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I only sometimes open gem source to insert breakpoint. –  Art Shayderov Dec 31 '11 at 17:06
    
@ArtShayderov Nothing wrong with that; breakpoints are short-term, transient artifacts. –  Dave Newton Dec 31 '11 at 17:07
    
If you put a breakpoint i.e debugger it will halt the execution of the web page? –  Blankman Dec 31 '11 at 17:28
    
oh, if you do rails s, but what if the site is hosted using phusion? –  Blankman Dec 31 '11 at 17:28
    
@Blankman if you execute your code with debugging enabled (like rails s --debugger) of course it will. I'm not sure you can start Apache or Nginx with debugging enabled. If you are debugging ruby code webrick is okay probably. –  Art Shayderov Dec 31 '11 at 19:49

Dave Newton's advice is wisdom and you should take it, but there's nothing wrong with taking a look at it to learn something. Running gem env will show you where your gems are installed; the lib directory is where you tend to find the meat of the code.

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We have had this discussion at work, and it is a practice I discourage.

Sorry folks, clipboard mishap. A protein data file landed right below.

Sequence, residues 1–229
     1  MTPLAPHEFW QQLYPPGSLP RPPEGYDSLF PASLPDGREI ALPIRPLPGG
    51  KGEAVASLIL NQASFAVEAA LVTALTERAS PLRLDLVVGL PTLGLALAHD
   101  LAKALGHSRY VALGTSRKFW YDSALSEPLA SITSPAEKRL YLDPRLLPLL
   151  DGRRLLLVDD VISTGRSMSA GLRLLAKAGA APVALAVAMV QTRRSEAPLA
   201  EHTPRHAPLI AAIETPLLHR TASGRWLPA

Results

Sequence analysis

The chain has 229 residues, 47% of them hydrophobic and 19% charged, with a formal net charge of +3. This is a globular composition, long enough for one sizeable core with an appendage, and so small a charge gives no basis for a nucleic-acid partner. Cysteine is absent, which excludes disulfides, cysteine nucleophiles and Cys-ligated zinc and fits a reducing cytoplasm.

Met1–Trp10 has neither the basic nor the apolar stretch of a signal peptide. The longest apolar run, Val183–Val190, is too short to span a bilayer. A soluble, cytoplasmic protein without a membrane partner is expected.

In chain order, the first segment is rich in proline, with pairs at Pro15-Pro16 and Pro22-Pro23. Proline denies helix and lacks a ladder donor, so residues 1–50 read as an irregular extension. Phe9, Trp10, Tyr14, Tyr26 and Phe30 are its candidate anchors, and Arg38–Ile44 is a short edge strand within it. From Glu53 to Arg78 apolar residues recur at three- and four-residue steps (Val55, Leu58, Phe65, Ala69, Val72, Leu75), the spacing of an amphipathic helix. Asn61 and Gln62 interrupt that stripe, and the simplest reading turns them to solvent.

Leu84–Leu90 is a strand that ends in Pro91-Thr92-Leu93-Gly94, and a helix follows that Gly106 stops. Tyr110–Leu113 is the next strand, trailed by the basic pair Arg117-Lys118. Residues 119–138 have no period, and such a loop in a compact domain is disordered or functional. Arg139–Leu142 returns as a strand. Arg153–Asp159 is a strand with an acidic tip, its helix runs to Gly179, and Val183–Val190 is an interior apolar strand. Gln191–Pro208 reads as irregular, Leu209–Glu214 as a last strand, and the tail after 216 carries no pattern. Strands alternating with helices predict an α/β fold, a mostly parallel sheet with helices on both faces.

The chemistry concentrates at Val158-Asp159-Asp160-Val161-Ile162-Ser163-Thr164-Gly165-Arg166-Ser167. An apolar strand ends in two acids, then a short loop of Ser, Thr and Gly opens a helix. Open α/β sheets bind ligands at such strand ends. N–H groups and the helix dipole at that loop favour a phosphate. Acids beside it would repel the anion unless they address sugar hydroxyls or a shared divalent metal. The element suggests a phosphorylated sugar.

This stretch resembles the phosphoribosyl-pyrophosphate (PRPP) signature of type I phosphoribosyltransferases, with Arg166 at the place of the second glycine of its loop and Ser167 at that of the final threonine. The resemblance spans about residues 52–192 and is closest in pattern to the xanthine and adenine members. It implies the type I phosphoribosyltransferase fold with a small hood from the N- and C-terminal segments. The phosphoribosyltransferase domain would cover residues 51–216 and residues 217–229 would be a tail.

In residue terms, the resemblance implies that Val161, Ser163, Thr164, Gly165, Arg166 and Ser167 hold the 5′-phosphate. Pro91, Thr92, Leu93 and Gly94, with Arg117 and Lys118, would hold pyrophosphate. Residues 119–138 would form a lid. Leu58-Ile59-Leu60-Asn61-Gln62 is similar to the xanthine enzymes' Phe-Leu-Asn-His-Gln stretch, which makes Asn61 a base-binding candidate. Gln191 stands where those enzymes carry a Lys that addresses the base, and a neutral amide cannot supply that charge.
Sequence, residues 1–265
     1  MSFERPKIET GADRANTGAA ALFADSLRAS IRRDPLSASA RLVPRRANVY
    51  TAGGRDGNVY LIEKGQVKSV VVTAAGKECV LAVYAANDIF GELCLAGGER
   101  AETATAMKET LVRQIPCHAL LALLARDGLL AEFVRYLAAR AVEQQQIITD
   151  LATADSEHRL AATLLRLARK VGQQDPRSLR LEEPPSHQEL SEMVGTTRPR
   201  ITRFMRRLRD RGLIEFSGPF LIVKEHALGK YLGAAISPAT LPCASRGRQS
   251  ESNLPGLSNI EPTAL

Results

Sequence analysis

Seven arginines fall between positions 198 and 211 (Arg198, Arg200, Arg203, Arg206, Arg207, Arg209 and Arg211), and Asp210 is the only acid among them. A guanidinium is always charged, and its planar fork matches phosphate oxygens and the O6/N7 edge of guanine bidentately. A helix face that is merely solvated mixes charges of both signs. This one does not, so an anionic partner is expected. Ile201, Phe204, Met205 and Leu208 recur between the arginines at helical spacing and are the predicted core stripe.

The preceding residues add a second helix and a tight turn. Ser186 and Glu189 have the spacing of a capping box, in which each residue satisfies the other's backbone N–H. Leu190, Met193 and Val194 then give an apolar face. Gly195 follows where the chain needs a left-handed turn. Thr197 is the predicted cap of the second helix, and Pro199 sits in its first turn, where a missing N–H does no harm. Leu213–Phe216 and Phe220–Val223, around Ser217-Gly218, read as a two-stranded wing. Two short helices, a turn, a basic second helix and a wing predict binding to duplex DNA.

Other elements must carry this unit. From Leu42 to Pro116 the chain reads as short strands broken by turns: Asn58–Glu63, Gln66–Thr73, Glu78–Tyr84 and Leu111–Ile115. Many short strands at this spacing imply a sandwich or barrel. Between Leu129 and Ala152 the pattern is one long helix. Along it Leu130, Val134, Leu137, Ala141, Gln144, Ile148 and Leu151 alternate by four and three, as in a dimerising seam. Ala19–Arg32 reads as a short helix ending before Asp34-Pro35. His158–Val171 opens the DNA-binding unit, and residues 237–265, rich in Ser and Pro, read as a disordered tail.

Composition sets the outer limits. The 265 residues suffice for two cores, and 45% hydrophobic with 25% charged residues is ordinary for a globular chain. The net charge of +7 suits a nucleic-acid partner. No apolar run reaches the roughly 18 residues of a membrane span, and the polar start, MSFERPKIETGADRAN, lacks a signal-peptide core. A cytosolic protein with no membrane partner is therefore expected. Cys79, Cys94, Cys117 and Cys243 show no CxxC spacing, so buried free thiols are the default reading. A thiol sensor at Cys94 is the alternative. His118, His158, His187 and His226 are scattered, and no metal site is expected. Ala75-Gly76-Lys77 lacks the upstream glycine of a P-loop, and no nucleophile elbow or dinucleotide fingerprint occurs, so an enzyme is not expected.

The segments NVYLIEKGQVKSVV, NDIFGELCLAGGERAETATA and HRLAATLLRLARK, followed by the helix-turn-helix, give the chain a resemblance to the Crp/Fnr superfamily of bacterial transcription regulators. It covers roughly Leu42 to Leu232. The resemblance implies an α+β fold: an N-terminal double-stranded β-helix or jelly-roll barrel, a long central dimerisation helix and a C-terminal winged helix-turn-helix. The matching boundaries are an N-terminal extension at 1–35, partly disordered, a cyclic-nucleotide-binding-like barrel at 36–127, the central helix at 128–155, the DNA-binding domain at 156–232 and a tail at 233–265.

Gems are made to be updated when improvements and bug-fixes are made. That will instantly wipe out the changes you have done, breaking your code.

You can freeze your version by making it read-only, or use bundler or copying the entire Ruby distribution, but in each of those you are going against the flow.

Instead, I recommend:

  1. Write a patch to the method in question in one of your own files. I've copied the method definition into a separate file in my app's lib directory, and made the change there, then required it last, allowing the method to be fixed without subverting Gem's normal use.
  2. Submit your change to the gem maintainer as a patch, along with your reason for needing the change.
  3. Remove the file and the require if/when the change is accepted.

I used to work at a major corporation that decided it was a good idea to make a patch to one of the source files in their mail system. The software was not something they wrote themselves, so, as time went by, they spent more and more time having to roll in their "special" changes to the software as the vendor grew the product. Eventually, it took months to roll in the changes and made the software fragile, which is not a good thing for something that is a core-business service. Ruby's ability to redefine a method would have saved them untold dollars and months of work.